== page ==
Lactic acid bacteria biodiversity in raw and fermented came | 16300
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African Journal of Food Science and Technology

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Lactic acid bacteria biodiversity in raw and fermented camel milk


Akhmetsadykova S.H1, Baubekova A1, Konuspayeva G 2,3, Akhmetsadykov N1, Faye B2,4, Loiseau G5.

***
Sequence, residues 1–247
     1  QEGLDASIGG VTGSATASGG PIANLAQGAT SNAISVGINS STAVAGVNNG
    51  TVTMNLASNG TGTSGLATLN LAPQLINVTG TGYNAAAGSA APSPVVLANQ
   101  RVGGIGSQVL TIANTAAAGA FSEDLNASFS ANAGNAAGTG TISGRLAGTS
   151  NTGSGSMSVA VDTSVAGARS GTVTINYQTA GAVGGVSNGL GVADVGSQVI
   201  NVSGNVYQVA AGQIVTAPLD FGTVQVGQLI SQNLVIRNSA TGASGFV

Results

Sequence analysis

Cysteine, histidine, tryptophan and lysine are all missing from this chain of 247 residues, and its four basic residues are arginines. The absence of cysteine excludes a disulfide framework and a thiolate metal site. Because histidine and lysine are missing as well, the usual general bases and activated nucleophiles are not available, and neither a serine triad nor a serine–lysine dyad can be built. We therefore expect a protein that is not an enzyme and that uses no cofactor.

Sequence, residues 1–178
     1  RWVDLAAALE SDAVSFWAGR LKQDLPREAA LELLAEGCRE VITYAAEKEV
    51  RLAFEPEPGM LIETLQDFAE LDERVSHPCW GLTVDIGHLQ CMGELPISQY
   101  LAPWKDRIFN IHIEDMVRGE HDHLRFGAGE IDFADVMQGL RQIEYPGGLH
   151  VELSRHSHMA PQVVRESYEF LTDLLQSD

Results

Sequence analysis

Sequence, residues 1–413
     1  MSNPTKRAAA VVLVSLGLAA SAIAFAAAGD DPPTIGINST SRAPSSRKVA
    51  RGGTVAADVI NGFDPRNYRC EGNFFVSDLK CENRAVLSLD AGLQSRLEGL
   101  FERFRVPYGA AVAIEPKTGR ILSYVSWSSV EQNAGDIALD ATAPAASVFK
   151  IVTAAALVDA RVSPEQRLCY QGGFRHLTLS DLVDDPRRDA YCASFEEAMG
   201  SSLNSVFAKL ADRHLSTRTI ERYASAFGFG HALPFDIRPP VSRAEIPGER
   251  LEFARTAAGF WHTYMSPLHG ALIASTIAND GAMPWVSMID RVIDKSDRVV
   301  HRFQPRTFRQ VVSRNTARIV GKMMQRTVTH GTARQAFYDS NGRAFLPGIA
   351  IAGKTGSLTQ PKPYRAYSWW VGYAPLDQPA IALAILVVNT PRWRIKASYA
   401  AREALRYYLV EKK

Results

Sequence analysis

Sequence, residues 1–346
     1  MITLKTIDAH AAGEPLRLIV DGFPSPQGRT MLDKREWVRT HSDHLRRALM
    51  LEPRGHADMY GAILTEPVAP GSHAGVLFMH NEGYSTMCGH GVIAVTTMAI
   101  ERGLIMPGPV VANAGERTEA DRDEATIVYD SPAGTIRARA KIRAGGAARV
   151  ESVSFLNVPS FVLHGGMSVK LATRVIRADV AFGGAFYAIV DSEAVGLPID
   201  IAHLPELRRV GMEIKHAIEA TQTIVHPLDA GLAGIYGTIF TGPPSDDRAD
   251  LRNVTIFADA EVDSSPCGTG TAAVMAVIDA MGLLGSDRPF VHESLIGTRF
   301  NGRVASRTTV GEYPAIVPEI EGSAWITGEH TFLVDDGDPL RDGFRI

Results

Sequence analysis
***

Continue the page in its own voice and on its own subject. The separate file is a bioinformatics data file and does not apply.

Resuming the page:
Consumption of fermented camel milk, named shubat, is very popular in Central Asia and especially in Kazakhstan where it is known for its medicinal and dietary properties. To identify lactic acid bacteria (LAB) camel milk and shubat were sampled from 4 regions of Kazakhstan with important camel’s population. In total, 26 dairy samples from 13 selected farms representing the variability of the farming system in the country were collected. Isolated strains were identified by genotypic approach including PCR using three different pairs of primers (338f/518r; W001/23S1; Lac1/Lac2/Lac3) and 16S rDNA gene sequencing. Three genus were in majority: Lactococcus, Lactobacillus and Enterococcus. The following microorganisms were identified: Enterococcus durans ; Enterococcus faecalis; Enterococcus faecium; Lactobacillus casei; Lactobacillus casei subsp. casei; Lactobacillus curvatus; Lactobacillus kefiri; Lactobacillus paracasei; Lactobacillus sakei; Lactococcus lactis subsp. lactis; Leuconostoc mesenteroides. Identification of camel milk and shubat microflora provides a theoretical foundation for developing starter cultures by using local LAB strains for industrial production of traditional fermented milk products.

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